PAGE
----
Start off by drawing the eyeball in the eye socket. Notice that the eyeball is larger than the socket and that’s the reason why our eyes don’t actually go and bulge right out of our heads. The next thing to be aware of with the eyeball is how the eyelid falls on top of the eye ball. The upper eyelid naturally sits slightly above the horizontal middle point of the eye and the lower eyelid falls further below the horizontal midpoint. It sounds confusing to read as text, I know, but when you watch the video this is an important part to take note of.
The effect of how the eyelids wrap around the eye gives you a form where the lower eyelid is pushed in a little but more than the upper eyelid. You can see this most clearly from the side view.
Start to draw over top of your skull where the skin would appear. We’re not going to go over things in a ton of detail because it’s not necessarily needed for drawing cartoons, but there are areas between the skull and the skin that have more or less muscle and fat. The result of this is that you will have some areas like around the nose and mouth where the skin naturally pushes out as it covers the cartilage bone for the nose and the muscles around the mouth and lips.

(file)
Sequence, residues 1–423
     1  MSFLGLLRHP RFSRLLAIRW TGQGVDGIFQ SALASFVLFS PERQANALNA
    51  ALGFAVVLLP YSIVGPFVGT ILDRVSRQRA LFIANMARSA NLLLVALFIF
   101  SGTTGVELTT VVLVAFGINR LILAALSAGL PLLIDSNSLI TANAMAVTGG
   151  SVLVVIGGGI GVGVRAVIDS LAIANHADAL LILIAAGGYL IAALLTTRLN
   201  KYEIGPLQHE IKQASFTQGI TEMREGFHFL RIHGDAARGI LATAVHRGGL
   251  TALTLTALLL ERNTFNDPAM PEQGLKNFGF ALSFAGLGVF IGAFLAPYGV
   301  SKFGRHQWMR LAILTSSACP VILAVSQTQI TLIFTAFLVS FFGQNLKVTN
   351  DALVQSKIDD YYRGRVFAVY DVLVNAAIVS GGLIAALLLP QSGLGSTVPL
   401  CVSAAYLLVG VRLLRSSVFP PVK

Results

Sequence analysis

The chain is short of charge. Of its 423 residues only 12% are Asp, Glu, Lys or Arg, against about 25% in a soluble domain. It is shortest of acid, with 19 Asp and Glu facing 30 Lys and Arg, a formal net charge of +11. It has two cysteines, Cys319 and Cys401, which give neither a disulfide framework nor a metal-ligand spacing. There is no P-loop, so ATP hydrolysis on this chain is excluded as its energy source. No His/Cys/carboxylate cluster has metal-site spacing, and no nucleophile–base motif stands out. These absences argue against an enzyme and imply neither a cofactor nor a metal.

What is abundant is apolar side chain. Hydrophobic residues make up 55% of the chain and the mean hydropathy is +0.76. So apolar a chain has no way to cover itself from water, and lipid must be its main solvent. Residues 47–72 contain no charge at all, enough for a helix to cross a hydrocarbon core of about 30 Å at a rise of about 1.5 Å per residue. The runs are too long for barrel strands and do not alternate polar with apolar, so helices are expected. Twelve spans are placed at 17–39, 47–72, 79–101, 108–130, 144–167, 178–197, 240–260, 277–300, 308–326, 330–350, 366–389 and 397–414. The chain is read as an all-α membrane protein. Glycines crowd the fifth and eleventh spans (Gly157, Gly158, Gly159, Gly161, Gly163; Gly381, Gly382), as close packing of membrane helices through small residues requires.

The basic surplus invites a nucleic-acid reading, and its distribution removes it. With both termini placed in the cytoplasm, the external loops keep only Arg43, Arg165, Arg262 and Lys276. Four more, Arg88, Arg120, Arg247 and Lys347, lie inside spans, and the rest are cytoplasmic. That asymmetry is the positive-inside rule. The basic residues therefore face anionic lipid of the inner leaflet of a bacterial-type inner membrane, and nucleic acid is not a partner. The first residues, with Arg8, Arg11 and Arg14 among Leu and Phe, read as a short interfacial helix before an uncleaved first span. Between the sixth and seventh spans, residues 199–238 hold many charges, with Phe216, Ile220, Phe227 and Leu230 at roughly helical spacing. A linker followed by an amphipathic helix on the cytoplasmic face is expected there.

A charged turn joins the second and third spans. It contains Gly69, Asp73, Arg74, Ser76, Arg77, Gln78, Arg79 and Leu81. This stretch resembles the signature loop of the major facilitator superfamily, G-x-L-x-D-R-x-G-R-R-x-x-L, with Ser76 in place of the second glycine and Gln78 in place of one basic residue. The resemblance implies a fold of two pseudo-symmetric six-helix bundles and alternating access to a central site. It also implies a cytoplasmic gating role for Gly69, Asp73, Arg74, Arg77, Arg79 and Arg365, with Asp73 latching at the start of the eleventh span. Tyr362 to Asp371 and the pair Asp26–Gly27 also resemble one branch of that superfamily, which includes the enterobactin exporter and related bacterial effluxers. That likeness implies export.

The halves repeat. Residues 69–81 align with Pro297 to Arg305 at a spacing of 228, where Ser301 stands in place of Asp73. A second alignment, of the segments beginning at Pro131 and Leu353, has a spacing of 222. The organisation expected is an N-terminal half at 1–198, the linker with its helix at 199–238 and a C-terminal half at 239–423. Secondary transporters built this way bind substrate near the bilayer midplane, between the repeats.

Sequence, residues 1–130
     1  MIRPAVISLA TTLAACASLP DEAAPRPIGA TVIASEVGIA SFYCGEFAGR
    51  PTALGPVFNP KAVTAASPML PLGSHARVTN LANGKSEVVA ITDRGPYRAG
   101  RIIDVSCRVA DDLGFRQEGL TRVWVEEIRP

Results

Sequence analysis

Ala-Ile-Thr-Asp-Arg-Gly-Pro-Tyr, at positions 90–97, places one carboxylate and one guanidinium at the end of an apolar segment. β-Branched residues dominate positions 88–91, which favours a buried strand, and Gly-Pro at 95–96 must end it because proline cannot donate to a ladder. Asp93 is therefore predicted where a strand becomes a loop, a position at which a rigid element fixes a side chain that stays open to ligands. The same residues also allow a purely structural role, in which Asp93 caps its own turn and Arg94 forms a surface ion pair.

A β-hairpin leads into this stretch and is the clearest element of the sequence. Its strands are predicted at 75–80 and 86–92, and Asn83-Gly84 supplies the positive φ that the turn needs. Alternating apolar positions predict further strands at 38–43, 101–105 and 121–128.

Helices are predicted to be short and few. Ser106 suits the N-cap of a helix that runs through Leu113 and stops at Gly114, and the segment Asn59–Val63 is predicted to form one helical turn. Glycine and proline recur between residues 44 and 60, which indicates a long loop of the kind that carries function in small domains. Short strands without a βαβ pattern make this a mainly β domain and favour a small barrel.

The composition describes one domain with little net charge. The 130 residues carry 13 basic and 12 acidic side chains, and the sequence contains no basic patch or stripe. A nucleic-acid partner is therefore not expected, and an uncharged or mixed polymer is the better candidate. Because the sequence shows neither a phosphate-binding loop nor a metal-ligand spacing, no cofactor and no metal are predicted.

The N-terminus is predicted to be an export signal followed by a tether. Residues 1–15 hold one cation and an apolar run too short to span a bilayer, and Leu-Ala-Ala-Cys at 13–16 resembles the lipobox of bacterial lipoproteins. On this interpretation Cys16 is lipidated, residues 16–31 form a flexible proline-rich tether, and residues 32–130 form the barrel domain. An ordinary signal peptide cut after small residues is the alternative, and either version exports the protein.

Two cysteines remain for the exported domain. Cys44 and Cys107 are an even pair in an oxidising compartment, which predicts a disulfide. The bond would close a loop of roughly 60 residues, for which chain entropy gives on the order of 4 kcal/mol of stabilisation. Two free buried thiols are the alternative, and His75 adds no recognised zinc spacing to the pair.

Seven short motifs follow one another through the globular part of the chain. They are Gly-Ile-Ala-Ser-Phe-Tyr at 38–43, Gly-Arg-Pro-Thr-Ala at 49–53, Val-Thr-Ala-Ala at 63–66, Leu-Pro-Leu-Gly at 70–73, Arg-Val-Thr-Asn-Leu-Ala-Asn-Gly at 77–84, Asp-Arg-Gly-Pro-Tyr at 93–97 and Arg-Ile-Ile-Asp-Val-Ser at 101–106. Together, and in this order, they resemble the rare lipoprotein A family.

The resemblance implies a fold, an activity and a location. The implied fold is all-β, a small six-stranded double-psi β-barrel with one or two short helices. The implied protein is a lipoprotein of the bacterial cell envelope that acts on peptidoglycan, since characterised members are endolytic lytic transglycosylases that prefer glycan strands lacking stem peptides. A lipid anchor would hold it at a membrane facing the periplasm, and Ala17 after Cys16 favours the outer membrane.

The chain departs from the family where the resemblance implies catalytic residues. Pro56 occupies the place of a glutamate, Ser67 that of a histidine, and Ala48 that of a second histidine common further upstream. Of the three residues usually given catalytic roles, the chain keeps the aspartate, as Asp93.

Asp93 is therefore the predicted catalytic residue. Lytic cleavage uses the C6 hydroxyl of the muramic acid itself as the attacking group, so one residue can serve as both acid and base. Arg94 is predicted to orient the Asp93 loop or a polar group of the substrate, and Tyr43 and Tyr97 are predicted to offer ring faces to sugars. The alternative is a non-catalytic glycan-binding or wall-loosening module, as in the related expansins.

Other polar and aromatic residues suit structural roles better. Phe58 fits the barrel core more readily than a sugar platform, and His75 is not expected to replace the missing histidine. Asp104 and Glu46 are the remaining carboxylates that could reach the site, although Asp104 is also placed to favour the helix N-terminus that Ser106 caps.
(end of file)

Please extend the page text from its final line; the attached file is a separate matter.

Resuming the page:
Take note that along the forehead and the chin there is very little music at all in these areas and the skin sits almost right on top of the bone here.
Place the ears onto the head. The ear falls in the back half of the center of the circle that was drawn earlier for the skull. The top of the ear lines up approximately with the corner of the eye, and the lower part of the ear matches up with the hinge of the jaw, which is also in line with the bottom of the nose.
As you have finished off the major features of the face it’s now time to move onto the neck. Earlier you drew in some curved lines for the spine, and now when you are drawing the skin that goes on top of it you need to remember that the spine is not the only part of the neck! The spine does form the back of the neck, but in the front part there are many different parts that you need to keep in mind like the throat, windpipe, and not to mention all of the muscle and tendons that keep your head in place. So the lesson here is to remember not to make your throat too thin or it’s going to end up looking a bit strange if you are trying to create characters with a natural feeling to them.
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